You may think you know all you need to know about Gmail to manage your account, but it’s always safe to assume the powerful service has more up its sleeve. In fact, many of its coolest features may slip by you if you don’t know where to look. Here are five tips for getting more out of what Gmail has to offer.
As good as Gmail’s spam filter is, it can’t catch everything, and bulk email messages will inevitably find their way into your inbox. Fortunately, there’s an easy way to weed them out.
Just type “unsubscribe” into Gmail’s search box and it will respond with a cascade of daily deals, newsletters, and other offers to which you’ve long since forgotten subscribing. To stop receiving a message, open it an either click the unsubscribe button Gmail places next to the sender’s address on promotional emails or look for an unsubscribe link at the bottom.
If you just can’t help yourself and know you’re going to continue to subscribe to offers and email notifications, use this hack to keep the influx organized.
Gmail doesn’t use traditional aliases, but it does let you create alternate addresses by adding a plus sign followed by words or numbers after your email address. You can use this to your advantage to sort your subscriptions. For example, if you wanted to sign up for Groupon, enter your email address as John.Smithfirstname.lastname@example.org. Then set up a filter to apply a label or star to these messages, have them bypass your inbox, or otherwise redirect them.
Gmail uses a yellow star to bookmark or prioritize messages. The problem is if you “star” a lot of email, you can quickly create another disorganized tier within your inbox.
But it’s a little-known fact that Gmail actually offers a range of colored stars and even other icons you can use to impose order on your important emails. For example, you can use different colored stars for different priority levels or use a red exclamation point for messages that need an urgent reply.
Just go to Settings > General and scroll down to Stars. Drag the stars or symbols you want to add from the “Not in use” category to “In use.” To apply one of the new icons to a message, click the star next to it repeatedly until you see the symbol you want to use.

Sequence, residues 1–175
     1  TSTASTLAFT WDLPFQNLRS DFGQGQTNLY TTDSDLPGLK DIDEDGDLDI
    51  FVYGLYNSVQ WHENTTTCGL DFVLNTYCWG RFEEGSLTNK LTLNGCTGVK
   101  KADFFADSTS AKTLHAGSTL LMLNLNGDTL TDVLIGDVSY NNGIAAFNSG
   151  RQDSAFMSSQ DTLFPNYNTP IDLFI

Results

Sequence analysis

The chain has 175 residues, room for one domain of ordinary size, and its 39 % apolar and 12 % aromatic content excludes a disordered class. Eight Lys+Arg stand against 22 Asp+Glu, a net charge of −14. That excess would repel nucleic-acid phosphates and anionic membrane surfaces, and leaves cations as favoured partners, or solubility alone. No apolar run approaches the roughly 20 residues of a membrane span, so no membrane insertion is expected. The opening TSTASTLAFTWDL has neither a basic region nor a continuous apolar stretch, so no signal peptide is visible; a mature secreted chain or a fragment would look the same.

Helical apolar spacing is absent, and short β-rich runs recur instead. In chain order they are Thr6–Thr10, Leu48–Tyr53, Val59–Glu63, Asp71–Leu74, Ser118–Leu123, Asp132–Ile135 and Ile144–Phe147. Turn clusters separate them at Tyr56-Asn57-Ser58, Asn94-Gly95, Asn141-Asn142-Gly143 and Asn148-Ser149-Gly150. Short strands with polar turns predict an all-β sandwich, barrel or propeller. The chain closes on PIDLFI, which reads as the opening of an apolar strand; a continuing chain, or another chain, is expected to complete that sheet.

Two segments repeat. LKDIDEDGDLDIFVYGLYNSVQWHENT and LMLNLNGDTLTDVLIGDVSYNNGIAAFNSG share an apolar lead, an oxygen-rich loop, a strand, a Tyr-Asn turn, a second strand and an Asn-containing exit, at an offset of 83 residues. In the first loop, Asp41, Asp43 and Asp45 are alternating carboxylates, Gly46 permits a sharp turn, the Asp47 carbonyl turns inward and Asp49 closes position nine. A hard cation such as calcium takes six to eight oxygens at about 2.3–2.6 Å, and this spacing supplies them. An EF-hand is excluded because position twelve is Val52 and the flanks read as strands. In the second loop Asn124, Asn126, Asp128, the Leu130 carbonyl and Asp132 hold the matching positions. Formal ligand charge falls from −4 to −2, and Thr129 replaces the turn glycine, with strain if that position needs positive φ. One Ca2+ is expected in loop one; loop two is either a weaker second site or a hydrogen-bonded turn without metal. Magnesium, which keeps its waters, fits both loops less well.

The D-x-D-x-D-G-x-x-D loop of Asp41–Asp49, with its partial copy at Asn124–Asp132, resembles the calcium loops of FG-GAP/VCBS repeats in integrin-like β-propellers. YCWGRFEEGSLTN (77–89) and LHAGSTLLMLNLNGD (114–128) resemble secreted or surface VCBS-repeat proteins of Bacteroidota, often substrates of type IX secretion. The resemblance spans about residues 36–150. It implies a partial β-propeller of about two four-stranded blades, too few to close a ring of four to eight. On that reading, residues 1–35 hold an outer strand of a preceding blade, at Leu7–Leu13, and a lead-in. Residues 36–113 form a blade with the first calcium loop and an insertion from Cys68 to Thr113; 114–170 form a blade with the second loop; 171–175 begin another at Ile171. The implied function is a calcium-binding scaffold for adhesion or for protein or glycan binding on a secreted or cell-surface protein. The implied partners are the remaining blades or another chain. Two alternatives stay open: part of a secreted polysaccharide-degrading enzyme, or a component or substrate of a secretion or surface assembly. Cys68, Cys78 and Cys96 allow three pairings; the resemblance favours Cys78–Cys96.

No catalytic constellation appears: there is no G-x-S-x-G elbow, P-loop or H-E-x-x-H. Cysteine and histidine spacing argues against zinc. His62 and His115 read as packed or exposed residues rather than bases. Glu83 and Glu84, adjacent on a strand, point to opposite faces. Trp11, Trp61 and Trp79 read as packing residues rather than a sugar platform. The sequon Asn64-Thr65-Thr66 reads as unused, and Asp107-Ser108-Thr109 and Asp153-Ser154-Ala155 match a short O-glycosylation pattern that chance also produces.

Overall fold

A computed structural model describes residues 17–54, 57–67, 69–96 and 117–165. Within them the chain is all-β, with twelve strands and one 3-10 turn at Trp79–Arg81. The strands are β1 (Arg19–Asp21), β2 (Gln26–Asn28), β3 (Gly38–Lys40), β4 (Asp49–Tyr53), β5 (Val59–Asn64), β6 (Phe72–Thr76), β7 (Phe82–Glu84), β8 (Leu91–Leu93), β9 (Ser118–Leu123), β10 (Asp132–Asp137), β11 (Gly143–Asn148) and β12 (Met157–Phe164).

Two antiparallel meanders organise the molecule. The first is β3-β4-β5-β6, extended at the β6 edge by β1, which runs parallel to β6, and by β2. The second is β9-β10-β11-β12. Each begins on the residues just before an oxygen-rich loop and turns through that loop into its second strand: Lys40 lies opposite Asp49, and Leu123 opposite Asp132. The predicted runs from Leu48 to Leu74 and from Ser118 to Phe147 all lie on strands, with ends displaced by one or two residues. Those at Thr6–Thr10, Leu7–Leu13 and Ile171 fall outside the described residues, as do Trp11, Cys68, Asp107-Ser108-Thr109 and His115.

They may not get the headlines like other types of security breaches, but email hacks do happen. You can monitor your own Gmail activity if you know where to look.
croll all the way to the bottom of your inbox and look for the “Details” link in the right corner. Click it to see information on the last 10 times your Gmail account was accessed. This log shows you the access type—browser, mobile, POP3, etc.—the location and IP address, and the time of activity. From here, you can also log out of Gmail from another computer by hitting the “Sign out all other web sessions” button.
We can’t imagine you’d ever want to stop using Gmail, but nonetheless you should decide how you’d want your data handled if that day should come. You can do this with Google’s Inactive Account Manager.
This failsafe helps Google determine when your account should be treated as inactive, what to do with your data, and whom to notify. You just need to customize four settings:
Timeout period—you designate a lengthof time starting from your last login after which your account can be considered inactive.
Alert me—you provide a mobile number and additional email addresses by which Google can alert you. It will do so one month before your timeout period ends.
Notify contacts and share data—you can add up to 10 people to be notified when your account is inactive and elect whether or not to share data with them.
Optionally delete account—toggle this switch to “yes” if you want Google to delete your account and all data associated with it once all the previous steps have been completed.
These measures go into play if you don’t access your account for a length of time for any reason, so it’s worth taking the time to configure them.